Among other things, mastering digital transformation requires a combination of two distinct but related dimensions – digital capabilities and leadership capabilities.
Digital capabilities are acquired by investing in technology-enabled initiatives to change how the company operates. You should, among other things, have an Innovation Lab or even better have an Innovation Culture permeate the entire organization. You should be willing to invest in and experiment with state-of-the-art technology.
Leadership capabilities include the ability to create a vision to shape the future, governance, and engagement to steer the course and relationships to implement technology-based change throughout the organization. You should be able to decide when to allow niche projects and when to demand wide-spread rollout. You should always strive to balance efficiency and experimentation.
All IT is digital, and all things digital require IT. Therefore IT processes are hugely important in a digital transformation.
IT Governance and Enterprise Architecture
Like Yin and Yang, IT Governance and Enterprise Architecture are complementary concepts that interact to form a dynamic system in which the whole is greater than the assembled parts.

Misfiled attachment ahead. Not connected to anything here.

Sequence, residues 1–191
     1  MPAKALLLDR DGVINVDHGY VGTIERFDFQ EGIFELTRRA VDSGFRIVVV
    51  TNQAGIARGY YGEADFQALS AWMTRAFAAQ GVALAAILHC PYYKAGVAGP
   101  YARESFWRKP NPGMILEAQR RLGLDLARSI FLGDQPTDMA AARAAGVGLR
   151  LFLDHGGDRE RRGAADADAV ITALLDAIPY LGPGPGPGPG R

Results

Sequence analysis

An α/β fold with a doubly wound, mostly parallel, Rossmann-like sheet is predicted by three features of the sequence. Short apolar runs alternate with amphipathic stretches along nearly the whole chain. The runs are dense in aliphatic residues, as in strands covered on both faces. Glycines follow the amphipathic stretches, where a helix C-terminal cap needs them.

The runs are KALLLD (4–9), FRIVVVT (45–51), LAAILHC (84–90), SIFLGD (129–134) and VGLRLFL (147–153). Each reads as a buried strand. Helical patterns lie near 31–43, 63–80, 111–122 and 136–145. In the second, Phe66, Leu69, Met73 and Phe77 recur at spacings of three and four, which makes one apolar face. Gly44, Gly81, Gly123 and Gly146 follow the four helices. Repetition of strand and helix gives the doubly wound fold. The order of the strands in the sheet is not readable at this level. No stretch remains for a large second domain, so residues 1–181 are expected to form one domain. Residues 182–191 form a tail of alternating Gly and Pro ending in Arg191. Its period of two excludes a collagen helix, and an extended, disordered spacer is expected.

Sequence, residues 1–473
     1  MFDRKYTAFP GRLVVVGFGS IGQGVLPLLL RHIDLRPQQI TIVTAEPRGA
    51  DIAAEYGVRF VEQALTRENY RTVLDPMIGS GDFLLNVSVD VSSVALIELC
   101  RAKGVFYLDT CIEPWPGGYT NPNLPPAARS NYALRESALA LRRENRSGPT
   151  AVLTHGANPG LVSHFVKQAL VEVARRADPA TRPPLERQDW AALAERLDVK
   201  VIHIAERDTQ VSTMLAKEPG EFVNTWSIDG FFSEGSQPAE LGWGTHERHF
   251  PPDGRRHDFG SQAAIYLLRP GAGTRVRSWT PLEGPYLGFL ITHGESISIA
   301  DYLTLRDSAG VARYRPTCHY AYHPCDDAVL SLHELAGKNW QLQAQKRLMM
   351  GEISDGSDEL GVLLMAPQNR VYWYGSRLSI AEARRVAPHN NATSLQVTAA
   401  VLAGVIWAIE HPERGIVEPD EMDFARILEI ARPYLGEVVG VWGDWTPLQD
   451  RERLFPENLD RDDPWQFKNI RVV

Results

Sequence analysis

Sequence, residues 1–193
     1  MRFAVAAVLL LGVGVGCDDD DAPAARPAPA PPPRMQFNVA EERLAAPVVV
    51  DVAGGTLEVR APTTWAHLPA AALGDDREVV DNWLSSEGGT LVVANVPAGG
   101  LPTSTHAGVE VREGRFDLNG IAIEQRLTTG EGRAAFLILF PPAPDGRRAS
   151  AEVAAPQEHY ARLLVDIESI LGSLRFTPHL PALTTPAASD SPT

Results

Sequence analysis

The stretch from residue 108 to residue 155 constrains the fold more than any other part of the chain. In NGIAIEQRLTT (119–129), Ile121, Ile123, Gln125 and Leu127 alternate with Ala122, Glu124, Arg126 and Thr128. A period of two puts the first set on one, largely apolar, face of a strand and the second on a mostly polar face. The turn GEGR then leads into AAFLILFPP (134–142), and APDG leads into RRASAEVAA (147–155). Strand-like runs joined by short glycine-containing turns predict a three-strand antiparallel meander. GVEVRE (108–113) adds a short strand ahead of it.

Governance is about “doing the things right”, Enterprise Architecture is about “doing the right things”.
IT Governance without Enterprise Architecture is like getting the direction and distance to go but not knowing the location of paths and pitfalls i.e. having no map. IT Governance without Enterprise Architecture tend to get quick results from a holistic perspective look like a patchwork carpet with no general idea and a lousy design.
Enterprise Architecture without IT Governance is like having a map but not knowing where you are and where you are going. Enterprise Architecture without IT Governance typically ends being an ivory tower with no benefits to the organization.
Big Bang is rarely a great idea
Trying to implement a complete set of IT Governance processes, roles, and responsibilities simultaneously with a full set of Enterprise Architecture guidelines, principles and standards will at best take a very long time before you see any benefit. But usually, the endeavor will fail before you realize the benefits.
An Agile Approach
Instead, I would suggest you follow this plan to implement what you need when you need it:
- Start from your company’s mission and strategy
- Identify the two or three most important IT Governance disciplines
- Define the short term target maturity level for those
- Identify the necessary Enterprise Architecture artifacts needed by those disciplines
- Define and implement that subset
- Branch into two streams:
a) Monitor and measure the implemented processes and report the results
b) Start from 2 with the next set of IT Governance disciplines
About Erik Haahr
Erik Haahr has been a Managing Consultant at Capgemini Sogeti Denmark since 2015. In this role, he is improving local service offering descriptions, participating in pre-sales activities, mentoring graduates, and consulting with customers.
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